Seeing constellations as a way of remembering history: Following the drinking gourd.

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The Eldest’s study of the Civil War led us through the Underground Railroad earlier this week. It’s a topic I love to explore because it demonstrates how the actions of a few determined, good people made a difference in the lives of those African-Americans who ran from slavery.

People trying to escape slavery could not afford to ask most Americans how to get North. Asking directions in a society that held no laws to protect slaves was a risk that usually led to getting caught. The man or woman on the run cannot rely on the friendliness of common folks. Instead, the slaves fleeing towards freedom devised clues and secret codes to help them find the direction of “North” on their journey.

One clue was that moss tends to grow on the North side of trees. So, in long excursions through wooded areas, they could look to the trees to determine their direction.

Out in the fields and plains, however, there were few trees to consult. In treeless areas, these brave individuals consulted the skies. They knew that migrating birds flew north in the summer- so they followed the large groups of birds heading north. They also knew of a star called the “North Star”, frequently called “Polaris” in astronomy books and charts.

Unlike other stars, the North Star never changes position. It always points to the north. If they could find a way to remember how it pointed North, then they could use the North Star as a guide in unwooded areas.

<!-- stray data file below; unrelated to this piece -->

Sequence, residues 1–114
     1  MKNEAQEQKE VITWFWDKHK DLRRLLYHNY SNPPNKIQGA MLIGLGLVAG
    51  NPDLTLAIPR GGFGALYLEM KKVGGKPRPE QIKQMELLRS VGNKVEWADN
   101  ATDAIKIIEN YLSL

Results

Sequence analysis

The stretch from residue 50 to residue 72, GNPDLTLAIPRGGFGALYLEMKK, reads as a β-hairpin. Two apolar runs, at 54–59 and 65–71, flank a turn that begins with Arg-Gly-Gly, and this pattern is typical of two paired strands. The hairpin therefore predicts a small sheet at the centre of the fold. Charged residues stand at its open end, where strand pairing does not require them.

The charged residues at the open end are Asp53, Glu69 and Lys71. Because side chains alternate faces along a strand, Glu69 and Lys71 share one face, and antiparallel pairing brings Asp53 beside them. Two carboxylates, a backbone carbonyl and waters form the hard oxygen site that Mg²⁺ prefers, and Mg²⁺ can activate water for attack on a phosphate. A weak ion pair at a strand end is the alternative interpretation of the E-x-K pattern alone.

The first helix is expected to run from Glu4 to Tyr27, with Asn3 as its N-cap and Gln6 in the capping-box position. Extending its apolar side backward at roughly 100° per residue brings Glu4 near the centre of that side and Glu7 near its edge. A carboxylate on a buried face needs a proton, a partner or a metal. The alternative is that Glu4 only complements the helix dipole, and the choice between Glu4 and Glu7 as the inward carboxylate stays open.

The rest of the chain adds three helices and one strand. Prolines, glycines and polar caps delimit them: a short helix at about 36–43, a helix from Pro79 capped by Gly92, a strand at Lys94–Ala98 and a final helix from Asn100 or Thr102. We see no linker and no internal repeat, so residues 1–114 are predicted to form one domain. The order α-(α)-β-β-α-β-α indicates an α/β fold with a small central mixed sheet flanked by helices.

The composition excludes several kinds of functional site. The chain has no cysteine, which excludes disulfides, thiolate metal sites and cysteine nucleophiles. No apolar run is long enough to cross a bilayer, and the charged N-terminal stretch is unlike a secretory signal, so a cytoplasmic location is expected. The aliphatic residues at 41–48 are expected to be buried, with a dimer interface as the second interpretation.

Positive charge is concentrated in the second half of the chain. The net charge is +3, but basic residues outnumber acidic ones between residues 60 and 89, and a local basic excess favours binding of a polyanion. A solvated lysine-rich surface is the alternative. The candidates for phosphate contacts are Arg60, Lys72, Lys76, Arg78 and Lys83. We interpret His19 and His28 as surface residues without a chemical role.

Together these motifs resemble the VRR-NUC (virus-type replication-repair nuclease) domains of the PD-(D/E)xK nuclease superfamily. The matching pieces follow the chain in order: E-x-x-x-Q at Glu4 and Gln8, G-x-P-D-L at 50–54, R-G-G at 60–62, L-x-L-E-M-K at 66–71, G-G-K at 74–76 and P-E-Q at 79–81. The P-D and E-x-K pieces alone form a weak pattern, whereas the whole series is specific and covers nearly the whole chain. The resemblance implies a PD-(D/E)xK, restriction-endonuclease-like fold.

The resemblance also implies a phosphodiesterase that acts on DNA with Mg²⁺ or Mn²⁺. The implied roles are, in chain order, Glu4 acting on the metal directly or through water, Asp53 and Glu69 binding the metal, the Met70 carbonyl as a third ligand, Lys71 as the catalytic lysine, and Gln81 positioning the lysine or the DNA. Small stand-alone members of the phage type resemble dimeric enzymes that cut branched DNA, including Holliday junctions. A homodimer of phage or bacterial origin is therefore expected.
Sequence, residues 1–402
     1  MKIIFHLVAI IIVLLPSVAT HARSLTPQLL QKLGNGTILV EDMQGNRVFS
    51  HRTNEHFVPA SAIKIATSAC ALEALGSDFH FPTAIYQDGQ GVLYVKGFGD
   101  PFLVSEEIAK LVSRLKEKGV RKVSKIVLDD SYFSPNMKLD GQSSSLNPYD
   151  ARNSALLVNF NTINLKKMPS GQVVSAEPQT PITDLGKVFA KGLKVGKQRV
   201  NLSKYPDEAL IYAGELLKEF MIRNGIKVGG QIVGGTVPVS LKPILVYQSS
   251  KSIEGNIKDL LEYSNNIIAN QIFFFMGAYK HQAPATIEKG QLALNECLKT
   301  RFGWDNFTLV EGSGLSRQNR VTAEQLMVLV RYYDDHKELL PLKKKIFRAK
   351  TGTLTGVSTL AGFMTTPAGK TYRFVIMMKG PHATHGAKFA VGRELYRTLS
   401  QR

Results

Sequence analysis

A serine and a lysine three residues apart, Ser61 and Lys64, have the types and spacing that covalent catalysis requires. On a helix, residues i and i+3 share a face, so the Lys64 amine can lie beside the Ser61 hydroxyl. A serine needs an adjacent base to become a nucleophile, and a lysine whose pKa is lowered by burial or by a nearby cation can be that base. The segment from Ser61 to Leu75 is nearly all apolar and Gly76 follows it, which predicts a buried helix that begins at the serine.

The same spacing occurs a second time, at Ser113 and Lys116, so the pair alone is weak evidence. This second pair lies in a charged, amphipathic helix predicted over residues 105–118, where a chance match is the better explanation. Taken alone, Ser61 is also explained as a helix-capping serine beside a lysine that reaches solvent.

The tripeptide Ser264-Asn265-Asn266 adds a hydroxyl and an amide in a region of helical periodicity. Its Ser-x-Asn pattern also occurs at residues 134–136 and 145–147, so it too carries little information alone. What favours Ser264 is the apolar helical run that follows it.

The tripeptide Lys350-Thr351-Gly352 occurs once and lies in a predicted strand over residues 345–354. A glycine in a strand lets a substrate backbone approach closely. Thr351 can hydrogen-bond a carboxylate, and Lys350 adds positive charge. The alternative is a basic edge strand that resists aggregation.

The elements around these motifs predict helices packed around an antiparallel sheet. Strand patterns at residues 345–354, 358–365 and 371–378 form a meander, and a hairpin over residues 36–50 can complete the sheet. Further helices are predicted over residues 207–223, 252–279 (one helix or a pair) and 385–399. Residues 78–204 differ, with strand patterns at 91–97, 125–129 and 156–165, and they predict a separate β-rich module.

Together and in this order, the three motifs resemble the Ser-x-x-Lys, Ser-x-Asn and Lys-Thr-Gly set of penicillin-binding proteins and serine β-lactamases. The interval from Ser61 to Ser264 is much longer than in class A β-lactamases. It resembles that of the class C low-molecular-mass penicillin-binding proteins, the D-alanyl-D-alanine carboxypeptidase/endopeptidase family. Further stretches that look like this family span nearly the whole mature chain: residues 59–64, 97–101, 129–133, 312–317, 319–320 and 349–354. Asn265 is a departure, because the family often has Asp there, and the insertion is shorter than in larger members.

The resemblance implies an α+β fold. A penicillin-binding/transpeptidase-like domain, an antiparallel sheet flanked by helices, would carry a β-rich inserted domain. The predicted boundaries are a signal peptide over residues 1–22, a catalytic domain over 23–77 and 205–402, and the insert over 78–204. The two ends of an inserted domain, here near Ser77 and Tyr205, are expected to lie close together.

An easy way to remember the North Star’s location was by looking for the “drinking gourd”. Since many used hollowed-out gourds to dip and drink water, the Big Dipper resembled a drinking gourd to them. Two stars on the edge of the gourd always point to the North Star. By finding the “drinking gourd” in the sky, people traveling at night could always find the North Star.

Escaping slaves like Harriet Tubman, James Pennington, and Josiah Henson probably followed the Drinking Gourd to freedom. The song “Follow the Drinking Gourd” helped keep the memories and instructions of how to follow the invisible and very secret Underground Railroad alive for slaves in the South. The topic was such a neat one that the Eldest played the song on the pinao as I sang the lyrics in a pajama-attired evening performance for all. Then we set out to seek the Drinking Gourd itself on the front lawn. Even Gnome spotted the North Star in the gourd!

Drinking Gourd sheet music (PDF)

Follow the Drinking Gourd (PDF)

FIND THE DRINKING GOURD ACTIVITY To find the North Star, begin by looking for the Big Dipper constellation. Use the two small stars that form the edge of the cup away from the handle. Follow the line these two stars create to find the North Star.

I like to imagine that someday, far in the future, the kids will be stargazing as their thoughts inevitably return to the many African-Americans who dared follow the drinking gourd in the hopes of finding freedom from the injustice and horror of slavery. These are the stories in the stars- if we only agree to see them.


Follow the Drinking Gourd, a website about the history of the song and motif
Follow the Drinking Gourd video sing-along (Sing An American Story)

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